Issertell v. Issertell, 041620 UTCA, 20190467-CA

Docket Nº:20190467-CA
Party Name:James J. Issertell Jr., Appellee, v. Tish Kristina Issertell, Appellant.
Attorney:Brian E. Arnold and Lauren Schultz, Attorneys for Appellant Ryan J. Stanger and Melissa A. Aland, Attorneys for Appellee
Judge Panel:Judge David N. Mortensen authored this Opinion, in which Judges Ryan M. Harris and Diana Hagen concurred.
Case Date:April 16, 2020
Court:Court of Appeals of Utah

2020 UT App 62

James J. Issertell Jr., Appellee,


Tish Kristina Issertell, Appellant.

No. 20190467-CA

Court of Appeals of Utah

April 16, 2020

Second District Court, Farmington Department The Honorable John R. Morris No. 154700825

Brian E. Arnold and Lauren Schultz, Attorneys for Appellant

Ryan J. Stanger and Melissa A. Aland, Attorneys for Appellee

Judge David N. Mortensen authored this Opinion, in which Judges Ryan M. Harris and Diana Hagen concurred.


¶1 A divorce in 2015 ended the twenty-two-year marriage of James J. Issertell Jr. and Tish Kristina Issertell. The district court ordered James to pay child support and alimony based on his level of income at that time. The next summer, however, James lost his job. Later that year, he petitioned for a modification of the divorce decree due to his military-service-related disabilities and lack of success in obtaining employment, despite ultimately applying for over 800 jobs. After a trial in 2018, the district court granted James's petition, concluding that James was involuntarily unemployed and setting new child-support and alimony obligations. Tish appeals and contends that the court erred in determining James's income. We affirm.[1]


¶2 In 2015, Tish and James's twenty-two-year marriage ended in divorce. At that time, James was working at L-3 Communications (L-3), earning a gross income of $8, 670 per month. Based on James's level of income, the district court ordered him to pay $1, 497 in child support and $2, 500 in alimony per month.

¶3 In the summer of 2016, James was fired from L-3 due to comments he made about software changes and perceived ethics concerns during a company meeting. About a month later, he received a job offer from Woodbury Technologies (Woodbury), which was contingent upon Woodbury securing a contract for which it was competing. Woodbury ultimately did not obtain the contract, however, and James did not end up working there.

¶4 James thereafter continued to apply for jobs and petitioned the district court to modify the divorce decree based on his unemployment. In the time between the filing of his petition to modify and the court's order granting it, James applied for over 800 jobs through numerous websites, including LinkedIn, ZipRecruiter, SimplyHired, Glassdoor, Indeed, Ladders, and CareerBuilder. James suffers from various disabilities related to his time in the United States military. Due to these disabilities, he experiences various health problems, the management of which requires several medications. A letter from the United States Department of Veterans Affairs (VA) states that James's disability rating is one hundred percent.3 James also receives $3, 698.32 per month from a disability payment provided by the VA.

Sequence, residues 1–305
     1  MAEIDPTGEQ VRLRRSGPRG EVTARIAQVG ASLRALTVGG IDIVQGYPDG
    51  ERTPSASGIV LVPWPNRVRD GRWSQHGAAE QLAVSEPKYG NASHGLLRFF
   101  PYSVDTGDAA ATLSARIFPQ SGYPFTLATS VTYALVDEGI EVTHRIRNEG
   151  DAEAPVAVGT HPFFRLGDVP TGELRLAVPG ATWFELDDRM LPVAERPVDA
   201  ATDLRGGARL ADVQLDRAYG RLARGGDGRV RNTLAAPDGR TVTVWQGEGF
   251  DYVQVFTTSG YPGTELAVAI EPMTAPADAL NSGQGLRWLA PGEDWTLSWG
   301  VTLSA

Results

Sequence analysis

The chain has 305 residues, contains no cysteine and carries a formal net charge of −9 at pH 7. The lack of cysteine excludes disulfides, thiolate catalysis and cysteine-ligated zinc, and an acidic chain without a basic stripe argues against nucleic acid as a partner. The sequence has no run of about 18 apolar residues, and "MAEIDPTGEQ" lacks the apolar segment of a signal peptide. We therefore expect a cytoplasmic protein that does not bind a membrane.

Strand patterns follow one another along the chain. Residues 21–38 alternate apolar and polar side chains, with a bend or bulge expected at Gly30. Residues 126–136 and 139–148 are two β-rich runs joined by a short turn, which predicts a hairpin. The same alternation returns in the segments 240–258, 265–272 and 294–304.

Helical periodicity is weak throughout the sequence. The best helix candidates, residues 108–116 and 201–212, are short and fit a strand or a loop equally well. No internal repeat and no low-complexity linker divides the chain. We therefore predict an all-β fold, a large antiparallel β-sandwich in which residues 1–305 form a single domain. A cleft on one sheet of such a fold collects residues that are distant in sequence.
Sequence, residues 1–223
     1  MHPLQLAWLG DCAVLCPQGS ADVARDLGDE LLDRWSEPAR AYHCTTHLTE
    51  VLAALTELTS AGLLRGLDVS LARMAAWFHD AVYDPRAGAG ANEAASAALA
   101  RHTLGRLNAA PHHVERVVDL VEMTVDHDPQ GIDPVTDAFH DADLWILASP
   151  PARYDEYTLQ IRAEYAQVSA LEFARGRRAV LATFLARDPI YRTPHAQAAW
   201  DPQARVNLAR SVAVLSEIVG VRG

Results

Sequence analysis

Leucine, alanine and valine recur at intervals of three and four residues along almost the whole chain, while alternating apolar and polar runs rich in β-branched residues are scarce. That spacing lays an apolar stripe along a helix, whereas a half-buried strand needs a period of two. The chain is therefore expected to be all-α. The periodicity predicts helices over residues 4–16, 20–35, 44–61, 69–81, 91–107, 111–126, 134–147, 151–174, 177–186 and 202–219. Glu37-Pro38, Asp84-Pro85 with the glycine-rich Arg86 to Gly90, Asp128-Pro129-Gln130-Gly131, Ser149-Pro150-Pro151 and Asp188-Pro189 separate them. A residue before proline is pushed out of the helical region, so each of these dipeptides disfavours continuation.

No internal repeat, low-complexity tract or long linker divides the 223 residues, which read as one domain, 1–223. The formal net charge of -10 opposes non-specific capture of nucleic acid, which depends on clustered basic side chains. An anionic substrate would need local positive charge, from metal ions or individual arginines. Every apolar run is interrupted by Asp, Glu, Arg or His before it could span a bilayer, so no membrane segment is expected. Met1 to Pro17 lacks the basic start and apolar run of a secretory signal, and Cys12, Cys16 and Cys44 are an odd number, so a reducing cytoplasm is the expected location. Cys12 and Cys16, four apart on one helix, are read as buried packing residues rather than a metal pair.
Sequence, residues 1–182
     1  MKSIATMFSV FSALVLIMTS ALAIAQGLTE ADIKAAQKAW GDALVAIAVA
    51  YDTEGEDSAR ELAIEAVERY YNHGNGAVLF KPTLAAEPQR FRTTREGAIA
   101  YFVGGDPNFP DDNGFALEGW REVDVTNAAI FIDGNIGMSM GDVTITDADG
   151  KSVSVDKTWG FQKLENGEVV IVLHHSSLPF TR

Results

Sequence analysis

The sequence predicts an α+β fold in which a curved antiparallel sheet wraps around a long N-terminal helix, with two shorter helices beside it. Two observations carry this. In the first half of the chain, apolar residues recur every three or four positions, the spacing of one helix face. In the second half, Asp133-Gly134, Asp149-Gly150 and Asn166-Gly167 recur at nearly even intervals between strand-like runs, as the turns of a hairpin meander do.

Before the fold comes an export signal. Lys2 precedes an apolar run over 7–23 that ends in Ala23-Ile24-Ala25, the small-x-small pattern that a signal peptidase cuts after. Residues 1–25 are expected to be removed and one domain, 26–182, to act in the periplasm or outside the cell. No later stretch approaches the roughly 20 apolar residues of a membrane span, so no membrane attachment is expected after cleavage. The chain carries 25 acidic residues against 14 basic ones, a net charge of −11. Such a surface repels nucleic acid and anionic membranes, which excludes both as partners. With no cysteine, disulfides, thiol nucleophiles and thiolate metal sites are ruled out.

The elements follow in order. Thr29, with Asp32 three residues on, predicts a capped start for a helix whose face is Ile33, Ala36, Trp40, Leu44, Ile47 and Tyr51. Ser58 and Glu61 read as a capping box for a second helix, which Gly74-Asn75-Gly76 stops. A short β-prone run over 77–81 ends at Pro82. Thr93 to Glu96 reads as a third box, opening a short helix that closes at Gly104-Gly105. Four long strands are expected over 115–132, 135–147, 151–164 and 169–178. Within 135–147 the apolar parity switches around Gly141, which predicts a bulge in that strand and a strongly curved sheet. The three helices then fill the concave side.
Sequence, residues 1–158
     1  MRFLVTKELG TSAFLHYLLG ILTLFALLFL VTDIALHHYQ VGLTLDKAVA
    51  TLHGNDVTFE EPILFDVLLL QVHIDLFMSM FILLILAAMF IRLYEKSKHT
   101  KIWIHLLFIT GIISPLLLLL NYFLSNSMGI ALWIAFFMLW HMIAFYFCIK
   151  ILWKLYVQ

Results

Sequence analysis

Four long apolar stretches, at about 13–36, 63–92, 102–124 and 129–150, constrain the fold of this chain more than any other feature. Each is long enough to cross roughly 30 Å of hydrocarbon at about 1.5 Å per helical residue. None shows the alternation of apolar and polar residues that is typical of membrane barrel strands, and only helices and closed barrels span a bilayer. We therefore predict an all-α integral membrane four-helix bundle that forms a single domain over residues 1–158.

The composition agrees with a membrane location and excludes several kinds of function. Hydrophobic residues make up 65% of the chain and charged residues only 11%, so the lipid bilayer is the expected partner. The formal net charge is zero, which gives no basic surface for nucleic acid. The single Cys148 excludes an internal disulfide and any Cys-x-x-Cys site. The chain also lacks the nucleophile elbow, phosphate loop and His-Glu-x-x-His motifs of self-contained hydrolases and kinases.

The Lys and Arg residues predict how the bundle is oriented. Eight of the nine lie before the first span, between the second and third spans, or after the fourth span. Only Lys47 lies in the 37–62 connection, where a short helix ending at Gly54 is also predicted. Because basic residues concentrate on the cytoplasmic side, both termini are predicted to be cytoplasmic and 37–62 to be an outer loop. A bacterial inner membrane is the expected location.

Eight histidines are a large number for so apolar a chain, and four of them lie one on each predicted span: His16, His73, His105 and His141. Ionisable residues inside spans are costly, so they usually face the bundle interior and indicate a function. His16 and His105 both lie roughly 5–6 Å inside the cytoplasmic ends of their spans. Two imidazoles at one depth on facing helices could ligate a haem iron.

¶5 Due to his conditions, James worked with the VA in a vocational-rehabilitation program. As part of a feasibility study- intended to place James in a job that would not aggravate his disabilities-the VA placed James in a job at the Salt Lake City Library working four-hour shifts three times a week at $11 per hour. This led to the VA paying for James to pursue a master's degree in information systems, which eventually caused James to leave the library position. However, due to his disabilities, James struggled to keep up with his studies.

¶6 In October 2018, the district court issued its order granting James's petition to modify his child-support and alimony obligations. The court concluded that James's situation qualified "as [a] substantial change in circumstances," that "was unforeseeable," and that James was involuntarily unemployed. Because of these conclusions and because both James's and Tish's respective net monthly incomes left them in the financial red, the court utilized the doctrine of equalization of income to reduce James's monthly child-support obligation to $796 and his alimony obligation to $131.

¶7 Tish appeals.


¶8 Tish raises two contentions on appeal that ultimately amount to one broad issue: whether the district court properly determined James's income. First, Tish contends that "the court failed to properly impute income to [James] for the child support and alimony determination." Then, Tish contends that it was improper "to not consider any and all income including gifts when determining alimony."

¶9 "In divorce actions, a district court is permitted considerable discretion in adjusting the financial and property interests of the parties, and its actions are entitled to a presumption of validity." Gardner v. Gardner, 2019 UT 61, ¶ 18, 452 P.3d 1134 (cleaned up). Moreover, "a court's decision to impute income to a spouse, and its decision on the amount of income that ought to be imputed are each reviewed for an abuse of discretion." Id. ¶ 98; see also Pulham v. Kirsling, 2019 UT 18, ¶ 41, 443 P.3d 1217. Finally, we "review a [district] court's determination to modify or not to modify a divorce decree for an abuse of discretion. However, we review for correctness any challenges to the legal adequacy of...

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